Latin America & the Caribbean: Weekly Situation Update (23-30 September 2019) As of 30 September 2019 – World – ReliefWeb

Key points:

Four weeks after Dorian slammed northwestern Bahamas as a Category 5 hurricane, the Government of The Bahamas is shifting efforts from response to recovery.

Tropical Storm Karen passed over the Caribbean leaving minor damages.

Tropical Storm Narda is tracking northwards along Mexico's Pacific coast with potentially flooding rains.

The rainy season in Guatemala has triggered various emergencies across the country, including flooding, landslides, sinkholes and collapses.

A pair of earthquakes with magnitudes greater than 6.1 rattled Chile.


Four weeks after Dorian slammed northwestern Bahamas as a Category 5 hurricane, the Government of The Bahamas is shifting efforts from response to recovery.

The National Emergency Management Agency (NEMA) reports that the official death toll is 53, with more expected. NEMA also reports that authorities have successfully located some 690 people previously reported as missing and that there are 1,600 people still in shelter, mostly in New Providence.

Although response presence is transitioning, partners continue to deliver humanitarian assistance, as coordinated by NEMA through their Emergency Operations Centres (EOCs) in Abaco and Grand Bahama. Humanitarian organizations are providing health and protection services, supply delivery, debris removal, waste management and temporary housing.

Humanitarian organizations have delivered more than 350,000 meals and 135,000 liters of water

In a 26 September press release, the Minister of Agriculture and Marine Resources called Dorians damage to the agricultural and marine resources industry in Abaco and Grand Bahama catastrophic, noting that preliminary assessments in Grand Bahama suggest losses of some US$60 million.


Following Tropical Storm Karens path near Trinidad and Tobago and the British Virgin Islands (BVI), both territories deactivated their National Emergency Operations Centres (NEOCs) as of 25 September.In Trinidad, Karen affected 10 municipalities, with landslides and flooding reported in several areas. The Trinidad and Tobago Office of Disaster Preparedness and Management (ODPM) is carrying out cleanup activities and distributing cleaning supplies.Tobago reports some 133 emergency calls over damaged roofs, fallen trees and landslides. All services on both islands have returned to normal.BVI reported little damage and normal activity.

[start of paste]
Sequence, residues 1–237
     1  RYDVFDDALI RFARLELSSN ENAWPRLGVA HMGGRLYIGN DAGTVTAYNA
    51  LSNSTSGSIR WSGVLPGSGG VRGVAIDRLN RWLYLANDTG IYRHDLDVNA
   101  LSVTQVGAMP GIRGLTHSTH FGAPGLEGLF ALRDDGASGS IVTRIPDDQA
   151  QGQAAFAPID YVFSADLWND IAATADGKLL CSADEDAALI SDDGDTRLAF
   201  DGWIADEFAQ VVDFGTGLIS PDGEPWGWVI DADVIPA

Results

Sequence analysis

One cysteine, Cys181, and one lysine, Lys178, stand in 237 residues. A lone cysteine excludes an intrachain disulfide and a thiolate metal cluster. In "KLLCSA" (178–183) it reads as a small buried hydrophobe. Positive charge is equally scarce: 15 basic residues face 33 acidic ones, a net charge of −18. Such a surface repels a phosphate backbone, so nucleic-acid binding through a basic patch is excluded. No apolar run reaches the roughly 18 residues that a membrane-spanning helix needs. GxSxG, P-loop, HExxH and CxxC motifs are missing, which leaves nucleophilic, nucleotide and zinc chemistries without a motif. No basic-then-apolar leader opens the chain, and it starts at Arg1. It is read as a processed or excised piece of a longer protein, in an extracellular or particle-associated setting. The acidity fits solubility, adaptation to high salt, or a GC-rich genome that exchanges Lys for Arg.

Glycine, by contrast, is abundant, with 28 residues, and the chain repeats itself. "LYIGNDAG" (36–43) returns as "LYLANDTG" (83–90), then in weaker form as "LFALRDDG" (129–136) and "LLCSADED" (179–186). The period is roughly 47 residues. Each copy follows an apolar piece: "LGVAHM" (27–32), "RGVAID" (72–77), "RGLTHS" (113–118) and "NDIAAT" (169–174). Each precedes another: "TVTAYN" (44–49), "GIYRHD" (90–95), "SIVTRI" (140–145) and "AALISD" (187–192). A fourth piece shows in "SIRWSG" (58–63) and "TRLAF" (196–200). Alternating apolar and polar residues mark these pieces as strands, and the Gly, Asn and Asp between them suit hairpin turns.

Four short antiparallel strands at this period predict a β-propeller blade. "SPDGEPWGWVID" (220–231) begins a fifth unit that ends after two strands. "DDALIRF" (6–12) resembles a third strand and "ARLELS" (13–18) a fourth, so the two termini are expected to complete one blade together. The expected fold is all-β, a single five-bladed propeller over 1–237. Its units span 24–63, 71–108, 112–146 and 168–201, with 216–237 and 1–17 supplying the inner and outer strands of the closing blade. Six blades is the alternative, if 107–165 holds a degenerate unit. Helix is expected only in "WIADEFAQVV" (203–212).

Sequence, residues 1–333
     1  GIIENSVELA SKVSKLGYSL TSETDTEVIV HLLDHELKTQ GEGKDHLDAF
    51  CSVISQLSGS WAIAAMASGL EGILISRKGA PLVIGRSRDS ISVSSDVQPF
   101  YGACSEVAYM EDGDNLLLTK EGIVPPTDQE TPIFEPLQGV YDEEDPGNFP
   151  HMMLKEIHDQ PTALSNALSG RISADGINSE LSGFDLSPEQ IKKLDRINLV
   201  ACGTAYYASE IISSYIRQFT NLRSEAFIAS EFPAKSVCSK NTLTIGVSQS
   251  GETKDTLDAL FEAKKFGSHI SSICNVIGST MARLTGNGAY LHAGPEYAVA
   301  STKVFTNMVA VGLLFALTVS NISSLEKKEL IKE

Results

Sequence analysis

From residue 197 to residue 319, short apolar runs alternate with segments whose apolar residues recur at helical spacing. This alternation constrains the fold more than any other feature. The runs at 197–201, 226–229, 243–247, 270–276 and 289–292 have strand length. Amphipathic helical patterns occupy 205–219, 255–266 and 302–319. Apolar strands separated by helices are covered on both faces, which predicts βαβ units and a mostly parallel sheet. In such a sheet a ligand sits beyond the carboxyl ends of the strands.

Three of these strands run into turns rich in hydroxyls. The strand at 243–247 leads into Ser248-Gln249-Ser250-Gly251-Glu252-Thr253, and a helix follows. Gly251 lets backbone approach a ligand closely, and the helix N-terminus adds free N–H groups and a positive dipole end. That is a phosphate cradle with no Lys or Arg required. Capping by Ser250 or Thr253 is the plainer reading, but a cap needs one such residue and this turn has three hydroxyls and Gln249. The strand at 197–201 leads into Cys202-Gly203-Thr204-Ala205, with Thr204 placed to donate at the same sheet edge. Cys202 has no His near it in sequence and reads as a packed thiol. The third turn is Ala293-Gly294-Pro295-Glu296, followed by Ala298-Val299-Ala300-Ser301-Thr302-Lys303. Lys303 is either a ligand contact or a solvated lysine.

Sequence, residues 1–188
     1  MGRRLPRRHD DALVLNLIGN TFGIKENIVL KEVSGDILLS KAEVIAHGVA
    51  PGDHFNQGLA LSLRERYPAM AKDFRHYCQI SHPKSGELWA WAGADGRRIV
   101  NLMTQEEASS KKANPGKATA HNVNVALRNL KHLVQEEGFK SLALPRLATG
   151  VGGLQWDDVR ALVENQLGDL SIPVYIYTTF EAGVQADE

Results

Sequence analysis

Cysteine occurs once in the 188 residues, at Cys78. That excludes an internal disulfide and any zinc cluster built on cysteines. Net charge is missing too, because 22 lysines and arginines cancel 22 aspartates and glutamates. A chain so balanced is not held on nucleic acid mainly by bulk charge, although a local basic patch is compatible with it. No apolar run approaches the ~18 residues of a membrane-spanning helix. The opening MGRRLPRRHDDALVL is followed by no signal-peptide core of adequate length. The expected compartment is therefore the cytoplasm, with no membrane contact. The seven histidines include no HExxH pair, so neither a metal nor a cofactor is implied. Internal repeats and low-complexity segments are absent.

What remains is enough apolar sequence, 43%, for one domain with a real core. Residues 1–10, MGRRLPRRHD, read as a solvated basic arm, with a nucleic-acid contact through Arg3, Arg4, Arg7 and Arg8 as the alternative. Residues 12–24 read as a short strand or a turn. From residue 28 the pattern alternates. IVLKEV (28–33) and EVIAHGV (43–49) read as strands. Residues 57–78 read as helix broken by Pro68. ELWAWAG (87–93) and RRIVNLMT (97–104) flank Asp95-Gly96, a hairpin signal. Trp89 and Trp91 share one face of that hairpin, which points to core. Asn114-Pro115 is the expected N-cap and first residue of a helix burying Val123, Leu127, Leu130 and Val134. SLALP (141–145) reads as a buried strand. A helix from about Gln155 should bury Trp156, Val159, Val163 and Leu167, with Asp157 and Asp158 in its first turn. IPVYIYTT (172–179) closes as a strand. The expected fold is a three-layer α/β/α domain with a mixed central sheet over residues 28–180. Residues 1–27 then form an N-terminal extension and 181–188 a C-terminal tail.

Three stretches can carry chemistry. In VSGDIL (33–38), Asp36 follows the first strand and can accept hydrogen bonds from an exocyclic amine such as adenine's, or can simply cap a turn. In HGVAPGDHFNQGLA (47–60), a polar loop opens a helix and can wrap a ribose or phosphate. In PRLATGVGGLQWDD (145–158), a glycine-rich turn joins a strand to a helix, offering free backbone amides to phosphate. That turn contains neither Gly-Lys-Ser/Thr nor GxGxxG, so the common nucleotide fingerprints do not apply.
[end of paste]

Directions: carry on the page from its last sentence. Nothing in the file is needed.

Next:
Karen later produced 1-2 inches of rain across Puerto Rico and the US Virgin Islands, with isolated storm totals of eight inches, before weakening in strength and speed ahead of a clockwise loop towards the southwestern Atlantic, breaking apart without posing any serious threat to land.


Narda, currently some 15 miles westnorthwest of Mazatlan, weakened to a depression on 29 September before strengthening again on 30 September.Narda continues to bring flooding rains and maximum winds of 45mph.

Narda is moving up the western Mexican coast at 15mph, a track that the National Hurricane Center (NHC) expects to continue over the coming days, albeit with decreasing speed. NHC projects that Narda will move over the Gulf of California near the coast of northwestern mainland Mexico through 2 October. Narda may produce 3-6 inches of rainfall in Nayarit and Sinaloa, with 1-3 inches over Colima, Jalisco and Michoacan, rainfall that may potentially cause flash floods and mudlsides, especially in mountainous terrains.

Following the recent multiple impacts by Hurricane Lorena along the western coast, federal-level Civil Protection prepositioned response assets and personnel to strengthen local civil protection systems and governments.



Heavy rainfall in recent days has led to several minor emergency incidents across Guatemala, including flooding, landslides, sinkholes and collapses.Most of the reported incidents are in the departments of Alta Verapaz, Guatemala, Quiche, San Marcos, Santa Rosa and Zacapa. As of 26 September, the rainy season (June-October) has affected some 539,000 people, causing the evacuation of 2,600 people and rendering 1,100 people homeless.

The rains have also triggered lahar flows for volcanoes throughout Guatemala, most notably the Volcn de Fuego and Santiaguito volcanoes. The National Coordination for Disaster Reduction (CONRED) continue to carry out the corresponding response actions, with the Humanitarian Country Team (HCT) and UN Emergency Technical Team (UNETT) monitoring the situation.


On 26 September, a magnitude 6.1 earthquake struck southern Chile, with reports of shaking in the cities of Ancud, Osorno, Puerto Montt and Temuco. The quake occurred some 610 miles south the capital of Santiago, with a depth of 80 miles below the surface.

A powerful 6.8 earthquake later shook Chiles coast on 29 September, swaying buildings in the capital city of Santiago.The quake struck some 255 miles south of Santiago, with an epicenter of 10.3 miles below the surface.

Chilean officials reported that most of central and southern Chile felt the earthquake. Chiles national emergency service said that there were no reports of injuries or damage to basic services, adding that the quake did not meet the requirements to issue a tsunami warning

View original post here:

Latin America & the Caribbean: Weekly Situation Update (23-30 September 2019) As of 30 September 2019 - World - ReliefWeb

Related Post

Comments are closed.